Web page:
The Red Hall
The architect and builder are unknown yet their legacy remains with the Red Hall which dates back to the early 17th century. It has a chequered history as a home and institution, even as part of a Victorian railway complex, yet survived 100 years of vibrations from steam locomotives and rolling stock to become our most famous secular building which has been Grade II* listed since 1977.
The house is believed to have been built for a wealthy
businessman, Gilbert Fisher, and is typical of the new style of residence being
constructed for prosperous gentlemen of the early Stuart period, remaining in
his family for almost a century although the evidence is that the high costs
involved also put them deeply in debt because the building was heavily mortgaged
for several years afterwards and the liabilities were not finally settled until
the family vacated the property over ninety years later.
The building of the house is not documented but construction is assumed to have been between 1600 and 1610, with 1605 being the favoured date. There is, however, a theory that it could have been a decade before, suggested by David L Roberts in his pamphlet (undated) which appraises John Thorpe's designs for Dowsby Hall and the Red Hall. "It would appear improbable that the rather coarse quality of the Red Hall could be contemporary with the relative polish of the work at Dowsby", he writes, "and an earlier date, possibly nearer 1595, might be more appropriate. Could Sir William Rigdon have built the house and then sold Dowsby to cover his expenditure?"
No documentary evidence survives to identify the builder but the first tenant was undoubtedly Gilbert Fisher, a London grocer, who had amassed a sufficient fortune to finance such an ambitious project that would give him a standing in the community. He was the son of Richard Fisher, who died in 1597, who had been chief constable of the hundreds or wapentake [an ancient division of the county] and was therefore a man of some importance while his son had made a success of his business and was classed as "a gentleman" in the parish register.
The house, as with Dowsby, was set within formal gardens and the design was conceived on the double pile principle with rooms two deep, a practice that was less common than the more traditional design of a hall with one or two cross-wings and two storeys with garrets.
The walls are made of locally produced hand-made bricks of a distinctive deep
red with stone detailing and ashlar quoins, hence the name, and the original
intricately carved oak staircase with attractive turned balusters remains intact. The house is many gabled
and has a fine Tuscan porch. The four main rooms on the
ground floor comprised an entrance hall and dining parlour at the front with the
kitchen and buttery-cum-pantry in the rear. Above these, on the first floor,
were four bedrooms, while on the second floor, running right across the front
half of the building, was the high gallery. It is interesting to see that the two main living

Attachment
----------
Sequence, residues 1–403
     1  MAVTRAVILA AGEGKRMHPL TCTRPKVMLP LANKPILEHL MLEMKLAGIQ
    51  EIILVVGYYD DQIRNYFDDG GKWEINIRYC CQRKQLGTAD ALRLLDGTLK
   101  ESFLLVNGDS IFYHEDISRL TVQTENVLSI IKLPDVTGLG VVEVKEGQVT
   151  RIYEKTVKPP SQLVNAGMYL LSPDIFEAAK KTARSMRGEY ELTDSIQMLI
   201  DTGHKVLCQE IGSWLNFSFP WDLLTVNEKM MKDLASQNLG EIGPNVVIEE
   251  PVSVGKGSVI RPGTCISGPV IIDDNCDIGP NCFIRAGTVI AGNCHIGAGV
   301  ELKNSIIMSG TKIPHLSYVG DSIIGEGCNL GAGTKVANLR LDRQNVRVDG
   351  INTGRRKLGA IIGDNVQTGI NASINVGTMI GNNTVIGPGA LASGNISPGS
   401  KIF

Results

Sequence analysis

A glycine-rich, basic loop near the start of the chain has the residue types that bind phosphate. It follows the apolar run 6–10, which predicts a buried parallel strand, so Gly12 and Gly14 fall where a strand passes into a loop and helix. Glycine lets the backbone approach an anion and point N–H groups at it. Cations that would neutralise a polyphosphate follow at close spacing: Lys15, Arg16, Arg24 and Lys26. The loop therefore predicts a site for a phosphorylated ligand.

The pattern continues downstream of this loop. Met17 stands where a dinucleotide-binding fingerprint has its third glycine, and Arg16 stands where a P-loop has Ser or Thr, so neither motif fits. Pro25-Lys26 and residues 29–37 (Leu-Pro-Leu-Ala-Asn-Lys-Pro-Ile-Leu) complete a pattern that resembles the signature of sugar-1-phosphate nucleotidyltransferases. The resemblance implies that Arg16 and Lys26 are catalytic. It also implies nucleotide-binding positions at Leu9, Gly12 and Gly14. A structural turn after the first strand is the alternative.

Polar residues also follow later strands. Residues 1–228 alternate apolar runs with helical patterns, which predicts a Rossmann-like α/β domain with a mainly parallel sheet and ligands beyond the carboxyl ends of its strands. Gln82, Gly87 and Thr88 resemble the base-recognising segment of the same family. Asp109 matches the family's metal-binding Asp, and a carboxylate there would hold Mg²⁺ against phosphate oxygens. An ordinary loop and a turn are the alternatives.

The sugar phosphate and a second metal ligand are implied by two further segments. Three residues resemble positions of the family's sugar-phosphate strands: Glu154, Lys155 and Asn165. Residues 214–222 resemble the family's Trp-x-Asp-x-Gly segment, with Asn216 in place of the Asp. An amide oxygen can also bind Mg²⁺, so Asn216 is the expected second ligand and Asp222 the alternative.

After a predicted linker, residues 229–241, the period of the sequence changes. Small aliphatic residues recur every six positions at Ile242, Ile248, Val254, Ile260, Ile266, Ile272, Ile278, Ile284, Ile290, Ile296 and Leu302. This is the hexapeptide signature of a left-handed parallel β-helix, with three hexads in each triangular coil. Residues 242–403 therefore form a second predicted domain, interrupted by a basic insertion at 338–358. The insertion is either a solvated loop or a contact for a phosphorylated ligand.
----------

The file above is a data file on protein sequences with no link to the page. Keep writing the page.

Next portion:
rooms downstairs were without beds, as we would expect them to be nowadays, but
in that period it was still quite usual to find parlours that were used for
sleeping in. It is therefore apparent that Gilbert Fisher and his family were
well up with changing trends. There were also a number of outbuildings
attached to the Red Hall, the most important of these being a kitchen or
scullery, a brew house, and a dairy.
However, life was not without its difficulties and Fisher died in debt, his goods totalling £663 13s. 4d. but his liabilities and funeral charges exceeded that amount and he owed, £282 2s. 4d. to the Earl of Exeter and £45 10s. in rent to him as well as other small debts. He also had his share of bereavements. A son, also Gilbert, was born in December 1610 and died the following May. His wife, Catherine, was buried in August 1612 but he married again and in 1615 they had a son, John, who was baptised and buried a week later. Another son, also Gilbert, was christened in 1616 but he too died when he was nine years old. The couple had several more children and one of these died in childhood, another was buried five days after her baptism.
After Gilbert Fisher's death in 1633, his family remained in occupation until 1698 when the Red Hall was sold by his grandson, also Gilbert Fisher, first to Richard Dixon and then to Richard Warwick and subsequently passed into the hands of the Digby family when James Digby (1707-51) married Warwick's daughter and heir, Elizabeth, circa 1730. After James died, his eldest son, John, became tenant and when he died in 1777, ownership passed to his younger brother, James. He achieved some distinction in the county, becoming Deputy Lieutenant of Lincolnshire, clerk to the Turnpike Trust for the south east district of the road between Lincoln Heath and Peterborough and treasurer of the Black Sluice Drainage Commissioners.
James Digby was also twice married, firstly to Mary, daughter of Francis Green, of Dowsby, in 1757 but she died in 1792, and in 1796 when he was 60 years old, he married Catherine, 23-year-old daughter of the Rev Humphrey Hyde, Vicar of Bourne, and it was to the Red Hall that he brought his young bride who was 37 years his junior where they seem to have lived in some style and comfort with many servants and a wine cellar stocked with fine wine and port. James Digby outlived his two other brothers, George and Richard, and by the time of his death in 1811, he had built up a considerable estate in Bourne and Dyke and a fortune reputed to be around £200,000. The Red Hall and a portion of his lands remained in the possession of his widow, then known as Lady Catherine, together with a legacy of £500 and an annuity in the same sum, until she died in 1836 when under the terms of her late husband's will, ownership passed to his youngest sister, Mrs Henrietta Pauncefort.
An inventory of the Red Hall from this time also survives to give a glimpse of the way the family had lived during the early 19th century. The ground floor rooms were now known as the hall, drawing room, dining room, breakfast room and kitchen while the next floor comprised four bedrooms, three of them being designated by colours, namely green, yellow and blue. On the top floor was a storage garret and rooms for the men and maid servants. The rooms, as in a previous period, seem to have been somewhat over-furnished, the dining room containing mahogany and claw furniture with two ottomans and a dozen chairs. In the drawing room were a sofa, two ottomans, numerous small tables, seven elbow chairs and four Swiss chairs. Four-poster beds with hangings were still to be found in the bedrooms upstairs while there was a six-foot bath in the closet.